Struct libloading::Library[][src]

pub struct Library(_);
Expand description

A loaded dynamic library.

Implementations

Find and load a dynamic library.

The filename argument may be any of:

  • A library filename;
  • Absolute path to the library;
  • Relative (to the current working directory) path to the library.
Safety

When a library is loaded initialization routines contained within the library are executed. For the purposes of safety, execution of these routines is conceptually the same calling an unknown foreign function and may impose arbitrary requirements on the caller for the call to be sound.

Additionally, the callers of this function must also ensure that execution of the termination routines contained within the library is safe as well. These routines may be executed when the library is unloaded.

Thread-safety

The implementation strives to be as MT-safe as sanely possible, however on certain platforms the underlying error-handling related APIs not always MT-safe. This library shares these limitations on those platforms. In particular, on certain UNIX targets dlerror is not MT-safe, resulting in garbage error messages in certain MT-scenarios.

Calling this function from multiple threads is not MT-safe if used in conjunction with library filenames and the library search path is modified (SetDllDirectory function on Windows, {DY,}LD_LIBRARY_PATH environment variable on UNIX).

Platform-specific behaviour

When a plain library filename is supplied, locations where library is searched for is platform specific and cannot be adjusted in a portable manner. See documentation for the platform specific os::unix::Library::new and [os::windows::Library::new] methods for further information on library lookup behaviour.

If the filename specifies a library filename without path and with extension omitted, .dll extension is implicitly added on Windows.

Tips

Distributing your dynamic libraries under a filename common to all platforms (e.g. awesome.module) allows to avoid code which has to account for platform’s conventional library filenames.

Strive to specify an absolute or at least a relative path to your library, unless system-wide libraries are being loaded. Platform-dependent library search locations combined with various quirks related to path-less filenames may cause flakiness in programs.

Examples
// Any of the following are valid.
unsafe {
    let _ = Library::new("/path/to/awesome.module").unwrap();
    let _ = Library::new("../awesome.module").unwrap();
    let _ = Library::new("libsomelib.so.1").unwrap();
}

Get a pointer to function or static variable by symbol name.

The symbol may not contain any null bytes, with an exception of last byte. Providing a null terminated symbol may help to avoid an allocation.

Symbol is interpreted as-is; no mangling is done. This means that symbols like x::y are most likely invalid.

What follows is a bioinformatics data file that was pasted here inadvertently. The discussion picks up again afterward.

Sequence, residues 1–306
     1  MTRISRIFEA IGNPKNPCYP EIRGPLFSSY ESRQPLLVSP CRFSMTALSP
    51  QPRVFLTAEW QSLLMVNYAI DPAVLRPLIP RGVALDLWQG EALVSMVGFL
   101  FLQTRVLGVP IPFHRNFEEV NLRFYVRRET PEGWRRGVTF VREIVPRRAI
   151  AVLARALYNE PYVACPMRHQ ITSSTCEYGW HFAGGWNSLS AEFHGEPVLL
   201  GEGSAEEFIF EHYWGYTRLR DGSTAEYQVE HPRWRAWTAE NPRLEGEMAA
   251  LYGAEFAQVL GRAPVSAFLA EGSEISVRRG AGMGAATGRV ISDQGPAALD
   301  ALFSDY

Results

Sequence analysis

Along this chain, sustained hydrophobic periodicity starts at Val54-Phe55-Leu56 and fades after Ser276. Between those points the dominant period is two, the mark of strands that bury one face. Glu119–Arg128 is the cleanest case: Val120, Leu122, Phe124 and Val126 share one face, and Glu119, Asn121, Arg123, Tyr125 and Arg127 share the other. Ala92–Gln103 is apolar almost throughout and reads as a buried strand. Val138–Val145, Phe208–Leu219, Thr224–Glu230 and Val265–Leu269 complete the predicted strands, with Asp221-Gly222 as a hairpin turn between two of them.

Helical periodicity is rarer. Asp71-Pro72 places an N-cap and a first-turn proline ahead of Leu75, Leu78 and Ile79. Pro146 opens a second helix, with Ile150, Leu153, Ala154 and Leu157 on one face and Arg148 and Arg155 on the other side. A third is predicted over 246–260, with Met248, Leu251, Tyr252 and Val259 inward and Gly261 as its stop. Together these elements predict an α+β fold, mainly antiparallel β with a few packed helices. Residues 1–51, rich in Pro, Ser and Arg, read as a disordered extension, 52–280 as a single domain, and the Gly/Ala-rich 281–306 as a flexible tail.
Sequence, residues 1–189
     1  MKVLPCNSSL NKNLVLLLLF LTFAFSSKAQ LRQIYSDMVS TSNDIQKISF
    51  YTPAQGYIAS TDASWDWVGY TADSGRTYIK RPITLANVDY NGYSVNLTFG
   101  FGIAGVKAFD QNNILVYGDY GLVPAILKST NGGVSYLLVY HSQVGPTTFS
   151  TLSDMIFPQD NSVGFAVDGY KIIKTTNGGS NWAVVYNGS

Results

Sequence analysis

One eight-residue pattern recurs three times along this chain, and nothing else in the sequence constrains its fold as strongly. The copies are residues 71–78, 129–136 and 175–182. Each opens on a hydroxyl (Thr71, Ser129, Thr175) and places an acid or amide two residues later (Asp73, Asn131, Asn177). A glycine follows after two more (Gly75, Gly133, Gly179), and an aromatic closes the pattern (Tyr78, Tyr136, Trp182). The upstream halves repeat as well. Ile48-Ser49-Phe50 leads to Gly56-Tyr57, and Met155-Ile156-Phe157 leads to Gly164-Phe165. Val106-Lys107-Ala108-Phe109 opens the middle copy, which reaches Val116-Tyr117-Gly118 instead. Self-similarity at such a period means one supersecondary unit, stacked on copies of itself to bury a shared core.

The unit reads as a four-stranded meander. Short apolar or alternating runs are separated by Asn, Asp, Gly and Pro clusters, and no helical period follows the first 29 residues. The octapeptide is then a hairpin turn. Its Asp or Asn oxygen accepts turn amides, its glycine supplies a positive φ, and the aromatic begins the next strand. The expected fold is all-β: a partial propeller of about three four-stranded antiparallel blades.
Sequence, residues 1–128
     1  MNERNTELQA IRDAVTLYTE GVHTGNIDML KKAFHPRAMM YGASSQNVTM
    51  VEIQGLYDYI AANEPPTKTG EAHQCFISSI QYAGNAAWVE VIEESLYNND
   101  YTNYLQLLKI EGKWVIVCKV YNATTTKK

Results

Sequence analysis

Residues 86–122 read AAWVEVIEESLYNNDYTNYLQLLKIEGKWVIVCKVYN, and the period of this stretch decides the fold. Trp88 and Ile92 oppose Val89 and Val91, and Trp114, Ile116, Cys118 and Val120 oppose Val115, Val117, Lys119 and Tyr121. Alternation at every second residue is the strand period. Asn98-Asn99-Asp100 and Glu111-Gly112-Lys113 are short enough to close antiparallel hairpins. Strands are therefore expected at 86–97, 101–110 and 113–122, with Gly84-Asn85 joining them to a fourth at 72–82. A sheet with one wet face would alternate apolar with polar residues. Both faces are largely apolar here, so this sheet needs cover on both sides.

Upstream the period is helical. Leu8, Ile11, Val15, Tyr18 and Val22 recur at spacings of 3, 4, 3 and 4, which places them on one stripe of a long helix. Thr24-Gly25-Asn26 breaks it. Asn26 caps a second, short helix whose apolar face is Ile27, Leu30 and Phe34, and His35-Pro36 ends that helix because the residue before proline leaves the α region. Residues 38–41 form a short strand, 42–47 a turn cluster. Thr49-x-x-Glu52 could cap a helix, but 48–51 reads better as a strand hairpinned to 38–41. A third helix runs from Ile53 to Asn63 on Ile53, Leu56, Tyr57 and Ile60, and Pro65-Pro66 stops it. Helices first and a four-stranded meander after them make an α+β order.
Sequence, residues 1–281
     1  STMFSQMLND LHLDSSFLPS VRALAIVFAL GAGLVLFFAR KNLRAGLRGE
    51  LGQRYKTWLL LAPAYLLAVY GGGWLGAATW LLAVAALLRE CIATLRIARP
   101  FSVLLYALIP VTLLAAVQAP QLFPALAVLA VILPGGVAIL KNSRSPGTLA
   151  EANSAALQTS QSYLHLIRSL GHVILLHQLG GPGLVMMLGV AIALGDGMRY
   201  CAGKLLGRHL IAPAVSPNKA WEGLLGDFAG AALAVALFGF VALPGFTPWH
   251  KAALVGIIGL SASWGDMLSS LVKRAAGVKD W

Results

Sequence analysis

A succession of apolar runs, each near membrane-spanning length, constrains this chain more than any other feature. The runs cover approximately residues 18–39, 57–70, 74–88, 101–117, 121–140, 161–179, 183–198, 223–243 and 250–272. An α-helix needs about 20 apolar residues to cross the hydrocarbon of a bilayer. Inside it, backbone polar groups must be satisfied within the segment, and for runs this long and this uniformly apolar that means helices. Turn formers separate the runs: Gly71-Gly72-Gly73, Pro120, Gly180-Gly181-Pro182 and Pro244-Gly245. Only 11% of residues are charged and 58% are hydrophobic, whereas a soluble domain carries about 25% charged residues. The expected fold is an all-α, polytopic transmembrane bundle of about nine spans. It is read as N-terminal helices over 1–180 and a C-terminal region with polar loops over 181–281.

Safety

Users of this API must specify the correct type of the function or variable loaded. Using a Symbol with a wrong type is undefined.

Platform-specific behaviour

Implementation of thread local variables is extremely platform specific and uses of such variables that work on e.g. Linux may have unintended behaviour on other targets.

On POSIX implementations where the dlerror function is not confirmed to be MT-safe (such as FreeBSD), this function will unconditionally return an error when the underlying dlsym call returns a null pointer. There are rare situations where dlsym returns a genuine null pointer without it being an error. If loading a null pointer is something you care about, consider using the os::unix::Library::get_singlethreaded call.

Examples

Given a loaded library:

let lib = unsafe {
    Library::new("/path/to/awesome.module").unwrap()
};

Loading and using a function looks like this:

unsafe {
    let awesome_function: Symbol<unsafe extern fn(f64) -> f64> =
        lib.get(b"awesome_function\0").unwrap();
    awesome_function(0.42);
}

A static variable may also be loaded and inspected:

unsafe {
    let awesome_variable: Symbol<*mut f64> = lib.get(b"awesome_variable\0").unwrap();
    **awesome_variable = 42.0;
};

Unload the library.

This method might be a no-op, depending on the flags with which the Library was opened, what library was opened or other platform specifics.

You only need to call this if you are interested in handling any errors that may arise when library is unloaded. Otherwise the implementation of Drop for Library will close the library and ignore the errors were they arise.

The underlying data structures may still get leaked if an error does occur.

Trait Implementations

Formats the value using the given formatter. Read more

Performs the conversion.

Performs the conversion.

Auto Trait Implementations

Blanket Implementations

Gets the TypeId of self. Read more

Immutably borrows from an owned value. Read more

Mutably borrows from an owned value. Read more

Performs the conversion.

Performs the conversion.

The type returned in the event of a conversion error.

Performs the conversion.

The type returned in the event of a conversion error.

Performs the conversion.